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Marcus Ranum chat: Next-generation SIEM

Security expert Marcus Ranum goes one-on-one with Gartner’s Anton Chuvakin about SIEM technology and where it’s headed.

Marcus Ranum: I've been thinking lately that it's about time for a next-generation SIEM to come along and overturn the current state of the art. I thought, perhaps, we might fantasize a little bit -- while remaining practical -- about what such a thing might look like. Avoiding the big data hype, I have to admit that my blood runs cold when I hear marketing people talk about petabytes of data, when we're barely managing to turn gigabytes of data into megabytes of useful information. It's definitely the case that our current SIEM solutions are going to be constantly pressured to do more with less, which -- in a SIEM context -- means reduce data so it's even more significant.

Short of artificial intelligence, where do you think we're going to have to take next-generation SIEM [security information and event management] systems in order to produce less data that is more significant, while absorbing even more raw input?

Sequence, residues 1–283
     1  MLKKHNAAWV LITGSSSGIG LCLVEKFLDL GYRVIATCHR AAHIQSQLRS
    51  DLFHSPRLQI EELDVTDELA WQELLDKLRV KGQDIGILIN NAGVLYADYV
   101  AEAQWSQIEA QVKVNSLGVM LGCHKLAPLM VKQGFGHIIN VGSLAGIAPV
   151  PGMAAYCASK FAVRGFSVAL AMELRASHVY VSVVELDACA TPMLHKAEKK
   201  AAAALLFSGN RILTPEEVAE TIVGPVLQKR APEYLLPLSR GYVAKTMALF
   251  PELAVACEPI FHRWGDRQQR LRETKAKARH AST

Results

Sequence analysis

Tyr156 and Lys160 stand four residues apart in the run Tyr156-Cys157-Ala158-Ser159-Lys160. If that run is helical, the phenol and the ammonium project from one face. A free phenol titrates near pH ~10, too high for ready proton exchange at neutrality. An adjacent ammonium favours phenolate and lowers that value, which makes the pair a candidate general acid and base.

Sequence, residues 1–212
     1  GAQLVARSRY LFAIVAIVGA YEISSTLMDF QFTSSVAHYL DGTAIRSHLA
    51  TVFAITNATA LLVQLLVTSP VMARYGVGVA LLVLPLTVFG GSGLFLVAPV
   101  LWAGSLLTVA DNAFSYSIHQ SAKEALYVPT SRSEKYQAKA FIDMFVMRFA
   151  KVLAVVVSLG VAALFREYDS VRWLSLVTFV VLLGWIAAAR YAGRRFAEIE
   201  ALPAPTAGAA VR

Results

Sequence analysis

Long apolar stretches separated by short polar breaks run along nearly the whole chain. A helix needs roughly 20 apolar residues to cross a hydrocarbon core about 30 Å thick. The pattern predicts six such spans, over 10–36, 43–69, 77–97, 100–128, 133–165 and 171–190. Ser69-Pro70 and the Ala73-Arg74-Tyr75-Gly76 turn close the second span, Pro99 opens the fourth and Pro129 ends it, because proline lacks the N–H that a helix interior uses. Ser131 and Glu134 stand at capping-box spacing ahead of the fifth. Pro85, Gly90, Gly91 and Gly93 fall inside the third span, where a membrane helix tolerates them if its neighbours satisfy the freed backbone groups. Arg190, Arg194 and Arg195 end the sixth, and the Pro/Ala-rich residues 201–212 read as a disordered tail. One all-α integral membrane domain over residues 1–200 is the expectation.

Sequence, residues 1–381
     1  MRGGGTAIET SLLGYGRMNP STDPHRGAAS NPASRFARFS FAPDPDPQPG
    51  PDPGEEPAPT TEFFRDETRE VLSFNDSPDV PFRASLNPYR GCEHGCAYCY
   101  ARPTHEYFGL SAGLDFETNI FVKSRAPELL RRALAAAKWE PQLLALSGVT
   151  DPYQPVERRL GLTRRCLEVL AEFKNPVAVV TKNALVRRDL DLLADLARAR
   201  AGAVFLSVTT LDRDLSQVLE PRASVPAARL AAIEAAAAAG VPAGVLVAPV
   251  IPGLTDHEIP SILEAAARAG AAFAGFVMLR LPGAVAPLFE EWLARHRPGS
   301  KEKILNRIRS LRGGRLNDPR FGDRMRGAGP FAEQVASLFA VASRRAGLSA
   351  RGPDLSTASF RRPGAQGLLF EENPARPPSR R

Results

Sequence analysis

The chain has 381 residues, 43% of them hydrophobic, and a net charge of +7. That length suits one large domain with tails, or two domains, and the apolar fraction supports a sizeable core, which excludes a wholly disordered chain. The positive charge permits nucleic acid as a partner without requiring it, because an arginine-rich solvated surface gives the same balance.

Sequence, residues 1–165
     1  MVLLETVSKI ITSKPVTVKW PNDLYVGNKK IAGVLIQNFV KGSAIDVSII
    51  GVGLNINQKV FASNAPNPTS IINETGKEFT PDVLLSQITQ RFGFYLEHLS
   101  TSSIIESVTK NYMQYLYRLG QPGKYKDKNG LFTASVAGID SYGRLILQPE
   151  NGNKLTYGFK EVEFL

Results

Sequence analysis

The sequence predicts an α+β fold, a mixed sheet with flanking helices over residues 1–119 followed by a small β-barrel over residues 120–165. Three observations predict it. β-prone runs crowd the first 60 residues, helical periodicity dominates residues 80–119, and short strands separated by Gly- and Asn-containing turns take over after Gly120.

Anton Chuvakin: As you know, my day job includes exactly that kind of thinking. Recently, I wrote a report called SIEM Futures, where I outlined five futures that SIEM has to conquer to become a next-generation system. While you should read the report to see full details, I can outline some of the ideas here. Also, none of these would be completely unheard of because in many cases the future is already here, it's just unevenly distributed. So, the SIEM of the near future will include expanded context data collection and analysis, distributed intelligence features, the ability to monitor "emerging" IT environments (such as virtual and cloud environments), new and expanded algorithms for historical and real-time analysis, and will be much more useful than today's SIEM for application security monitoring.

In essence, I'm looking not only at newer and better analysis algorithms -- primarily on stored, but also on stream data -- but also at expanded information collection (especially context information that goes beyond resolving usernames into identities and vulnerabilities on assets), as well as being able to operate in newer environments such as hypervisors and deep inside applications, where an IP address means nothing and logs are even more esoteric. These methods and futures can cross-pollinate; for example, new algorithms applied to application log data analysis or shared intelligence about attacks on public clouds.